FAQs: The Strengths Wheel

The Strengths Wheel is a powerful visual tool that plots natural strengths and adaptive strengths. It is included in each Leading From Your Strengths profile report.

Your scores are plotted on the wheel as a means for you to identify, at a quick glance, your natural strengths and adaptive strengths.

The wheel is especially useful for teams or groups of people. When you plot individual team members’ scores on the wheel, you get a picture of how the team works together as an organism. This allows you and your group to identify areas of collective strength, gaps in functionality, and how the team is moving their strengths collectively to meet the demands of their environment.

These are questions teams ask most often about The Strengths Wheel.

FAQ #1: What are the wheel’s four main quadrants?

The Strengths WheelThe wheel is divided horizontally and vertically.

The horizontal division (North-South) reveals orientation. Those people plotting in the North (upper) half are task-oriented. Their strength lies in “getting the job done.” Those on the South (lower) half are people-oriented. They do their best work when they interface with people.

The wheel’s vertical division (West-East) reveals pace. Those individuals plotting on the left (West) side of the wheel operate best at a slower pace. Those plotting on the right (East) operate best at a faster pace.

This information is valuable as you plot your team. Does the environment encourage accomplishing tasks or emphasizing interaction with people? You may also discover if (as a whole) your team works methodically and deliberately (slower-paced) or at a quick, ever-changing environment (fast-paced.) Your team’s strengths wheel may reveal why certain people or portions of the team flourish or struggle to fit into the overall team environment.

FAQ #2: What are the dots and the stars on the wheel?

Your dot on the wheel indicates your natural style. Your star on the wheel indicates your adapted style. When your dot and star are positioned closely together on the wheel, you are likely operating in an environment that is a good fit for your strengths. If your dot and star are farther apart on the wheel, you may be operating in an environment that requires you to expend considerable extra energy to be effective.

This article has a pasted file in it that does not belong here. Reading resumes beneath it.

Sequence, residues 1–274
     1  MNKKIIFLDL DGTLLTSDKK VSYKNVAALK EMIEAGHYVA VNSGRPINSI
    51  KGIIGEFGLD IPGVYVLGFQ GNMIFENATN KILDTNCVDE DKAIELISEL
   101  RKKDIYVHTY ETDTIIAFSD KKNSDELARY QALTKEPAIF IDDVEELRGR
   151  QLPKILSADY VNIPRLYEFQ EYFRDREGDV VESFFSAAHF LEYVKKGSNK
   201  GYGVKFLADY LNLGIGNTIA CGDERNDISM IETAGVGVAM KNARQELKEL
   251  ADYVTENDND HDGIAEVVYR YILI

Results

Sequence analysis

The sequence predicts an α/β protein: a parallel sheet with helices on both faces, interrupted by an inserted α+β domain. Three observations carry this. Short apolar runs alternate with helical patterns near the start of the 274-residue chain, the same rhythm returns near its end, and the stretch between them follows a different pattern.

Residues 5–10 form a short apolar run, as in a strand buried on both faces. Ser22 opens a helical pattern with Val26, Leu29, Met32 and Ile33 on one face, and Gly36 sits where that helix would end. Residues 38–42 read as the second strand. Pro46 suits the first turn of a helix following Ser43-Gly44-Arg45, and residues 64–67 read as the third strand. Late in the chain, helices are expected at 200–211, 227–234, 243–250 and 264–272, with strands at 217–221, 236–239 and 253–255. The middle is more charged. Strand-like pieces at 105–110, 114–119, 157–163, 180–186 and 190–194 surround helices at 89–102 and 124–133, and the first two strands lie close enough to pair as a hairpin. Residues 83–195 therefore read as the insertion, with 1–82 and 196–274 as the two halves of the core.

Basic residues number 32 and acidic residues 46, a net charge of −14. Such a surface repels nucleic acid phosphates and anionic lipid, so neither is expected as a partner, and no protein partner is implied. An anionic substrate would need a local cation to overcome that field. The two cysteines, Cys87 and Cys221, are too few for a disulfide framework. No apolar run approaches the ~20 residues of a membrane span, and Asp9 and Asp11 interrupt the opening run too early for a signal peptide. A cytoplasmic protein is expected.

By plotting your team’s dots and stars together on a chart you can discover your team’s group strengths – what the team does best. Areas with few dots indicate team gaps in strengths. You will also discover, by looking at the stars, how your team is having to adapt.

FAQ #3: What do each of the 8 terms on the outside of the wheel mean?

The wheel is divided like a pie into 8 wedges. Each wedge represents a group of strengths, identified on the outer ring of the wheel with a descriptor term: Conductor, Persuader, Promoter, Relater, Supporter, Coordinator, Analyzer, and Implementer. Note that all descriptors are strengths. None are better than another, but rather each is useful and needed.

FAQ #4: What do the numbers on the wheel mean?

The wheel has concentric rings. Together the 8 descriptor wedges and the concentric rings divide the wheel into 60 sections. Each section is labeled with a number

The results of your profile report produce numeric scores (#1-60). Each respondent is classified with two scores: one for natural strengths (the dot) and one for adapted strengths (the star), which are plotted on the wheel.

Note the different sections in which each person’s dots and stars are plotted: outer two rings, center two rings, or in the innermost circle.

  1. Outer two rings (#1-24): identifiers placed here reveal a person’s strengths are strong (even rigid) and consistent, likely in a variety of environments.
  2. Center two rings (#25-56): identifiers place here reveal a person’s strengths are more flexible, allowing him to adapt with more ease.
  3. Center ring (#57-#60): these identifiers reveal cross patterns in a person’s strengths, representing conflicts. This individual may experience struggle in using all of his strengths concurrently.

FAQ #5: How can we use this information?

As you and your team plot results on a master Strengths Wheel, ask these three questions:

  1. What are our team’s strengths? You may find that a large number of team members’ natural strengths are clustered in a certain area, such as a people-oriented half of the wheel. This information shows you a collective strength of the group and can reveal why your team accomplishes certain processes easily.
  2. What are our team’s gaps? The absence of certain natural strengths on the wheel can reveal why your team struggles in that area. For instance, most of your group members operate best in a slower-paced environment, then you may come to understand why the team does not operate efficiently at a deadline time.
  3. Should we take any action based on what we’ve learned? Perhaps you and your team may decide to fill gaps in your team with your next hire, seeking out an individual with a different strengths set to round out your team. Or you may note that your team members make significant adapted strengths adjustments, which causes them to use a lot of energy. You may be able to alter the environment or expectations to allow members to use their strengths the best.
Leading From Your Strengths (LFYS) Profiles empower Christian leaders, churches, and ministries to take this step – to discover and use your God-given strengths and be stronger for it individually and together.

More about The Strengths Wheel

The Strengths Wheel: Videos #1 and #2

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